Tinkering with Maryland's Uber Regulations

Nick Zaiac Jul 29, 2015

Two months ago, the Maryland General Assembly passed the state’s first regulations of so-called transportation network companies, or TNCs, the most popular of which is Uber Technologies. I laid out the details of the law in a previous blog post, but put simply, the state has insurance, inspection, and licensing requirements similar to those companies like Uber and Lyft already had in place. A less prominent aspect of the law allows localities that regulate taxis to add a 25 cent surcharge on all TNC rides originating in their district, with revenues going toward local transportation projects.

Most assumed this would be the end, for now, of the TNC debate in Maryland. But that would not be the case. Bryan Spears at the Daily Record reported yesterday that the Comptroller’s office has noticed a number of complexities that make implementing the 25 cent surcharge a problem.

The issues arise because some counties regulate taxi service, but within a few of them, cities independently regulate taxis. Elsewhere, some municipalities, like Ocean City, regulate taxis while the counties do not. The question is, whose tax takes precedence? Who gets to keep the TNC surcharge revenues?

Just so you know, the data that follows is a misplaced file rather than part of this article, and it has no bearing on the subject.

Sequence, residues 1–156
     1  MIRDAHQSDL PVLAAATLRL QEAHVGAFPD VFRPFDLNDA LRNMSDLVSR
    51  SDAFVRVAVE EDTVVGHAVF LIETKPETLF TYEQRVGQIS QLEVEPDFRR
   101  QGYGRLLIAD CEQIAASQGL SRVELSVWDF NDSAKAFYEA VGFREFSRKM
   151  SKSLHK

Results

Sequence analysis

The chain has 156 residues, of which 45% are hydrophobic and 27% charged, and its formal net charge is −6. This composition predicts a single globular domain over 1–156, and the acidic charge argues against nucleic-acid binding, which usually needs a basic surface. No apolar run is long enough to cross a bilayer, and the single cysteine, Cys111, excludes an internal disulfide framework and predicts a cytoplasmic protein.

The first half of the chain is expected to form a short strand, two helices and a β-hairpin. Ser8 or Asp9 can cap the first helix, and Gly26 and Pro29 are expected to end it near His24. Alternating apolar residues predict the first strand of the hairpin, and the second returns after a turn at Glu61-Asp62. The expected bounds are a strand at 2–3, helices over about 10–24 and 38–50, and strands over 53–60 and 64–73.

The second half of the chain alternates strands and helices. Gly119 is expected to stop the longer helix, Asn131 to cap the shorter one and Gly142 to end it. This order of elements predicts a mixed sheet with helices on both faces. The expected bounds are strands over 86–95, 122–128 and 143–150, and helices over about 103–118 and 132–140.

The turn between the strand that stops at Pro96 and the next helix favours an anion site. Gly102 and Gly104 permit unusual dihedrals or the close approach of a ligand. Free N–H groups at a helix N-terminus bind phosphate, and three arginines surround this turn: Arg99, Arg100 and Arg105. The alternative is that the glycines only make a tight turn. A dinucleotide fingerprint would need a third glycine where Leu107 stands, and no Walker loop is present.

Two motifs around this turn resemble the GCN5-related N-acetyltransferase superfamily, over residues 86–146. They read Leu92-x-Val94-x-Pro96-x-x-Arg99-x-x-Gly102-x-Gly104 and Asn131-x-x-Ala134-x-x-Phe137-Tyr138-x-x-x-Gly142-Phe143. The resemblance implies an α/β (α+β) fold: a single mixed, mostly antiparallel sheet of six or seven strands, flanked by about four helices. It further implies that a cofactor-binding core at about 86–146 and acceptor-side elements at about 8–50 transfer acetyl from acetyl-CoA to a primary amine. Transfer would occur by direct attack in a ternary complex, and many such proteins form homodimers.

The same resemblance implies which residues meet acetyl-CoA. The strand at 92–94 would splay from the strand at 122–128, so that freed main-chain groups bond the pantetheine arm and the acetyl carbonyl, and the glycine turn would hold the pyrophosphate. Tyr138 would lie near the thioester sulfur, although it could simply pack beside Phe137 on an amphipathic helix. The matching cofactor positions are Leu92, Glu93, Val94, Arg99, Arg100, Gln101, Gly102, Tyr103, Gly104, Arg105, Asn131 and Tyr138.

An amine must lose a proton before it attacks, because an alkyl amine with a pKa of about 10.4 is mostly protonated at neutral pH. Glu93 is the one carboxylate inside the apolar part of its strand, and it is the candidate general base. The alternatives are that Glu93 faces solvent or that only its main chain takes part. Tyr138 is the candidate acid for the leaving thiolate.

It is likely that the legislature will need to revisit the bill to address that issue. Yet they are unlikely to stick to the tax technicalities. Some TNC opponents will seek to add onerous regulations, increasing the cost and reducing convenience for both TNC passengers and drivers.

What might come up? One hot topic will be wheelchair accessibility mandates. Wheelchair access is a common objection to TNC companies. Unlike many taxicab companies, TNC providers like Uber and Lyft do not own vehicles; rather, the cars are owned by the independent drivers who use the TNC platforms to connect with customers. This means any mandate of a particular percentage of wheelchair-accessible TNC vehicles—the normal way wheelchair access is mandated for cabs—would be unwieldy for the TNC industry to manage.

Ideally for-hire vehicles should be deregulated and have all excise taxes on providing rides removed, instead just paying gas and other vehicle taxes like the typical motorist. This would apply across the board, to TNC, taxicab, and limousine services. And, like other services, they should pay the state sales tax.

Yet as much as I’d love to see open competition in the market for giving rides to strangers, Maryland policymakers seem intent on old-school command-and-control regulation. A lesser step would be to remove the 25 cent excise on TNC companies, or, if that’s not possible, ensure cities and counties may not both tax the services. Removing recursive regulations would also be valuable— namely the inspection, background check, and insurance rules that Uber and Lyft already require of drivers who use their communications service.

Overall, the best case for those of us who believe in good governance would be for Maryland lawmakers to adopt a narrow reform that sticks to the technical fixes. A more expansive and complex bill would be a bad sign. My previous post noted that a provision in the past bill allowed for future, more stringent regulation. We can only hope that this premonition will not come true.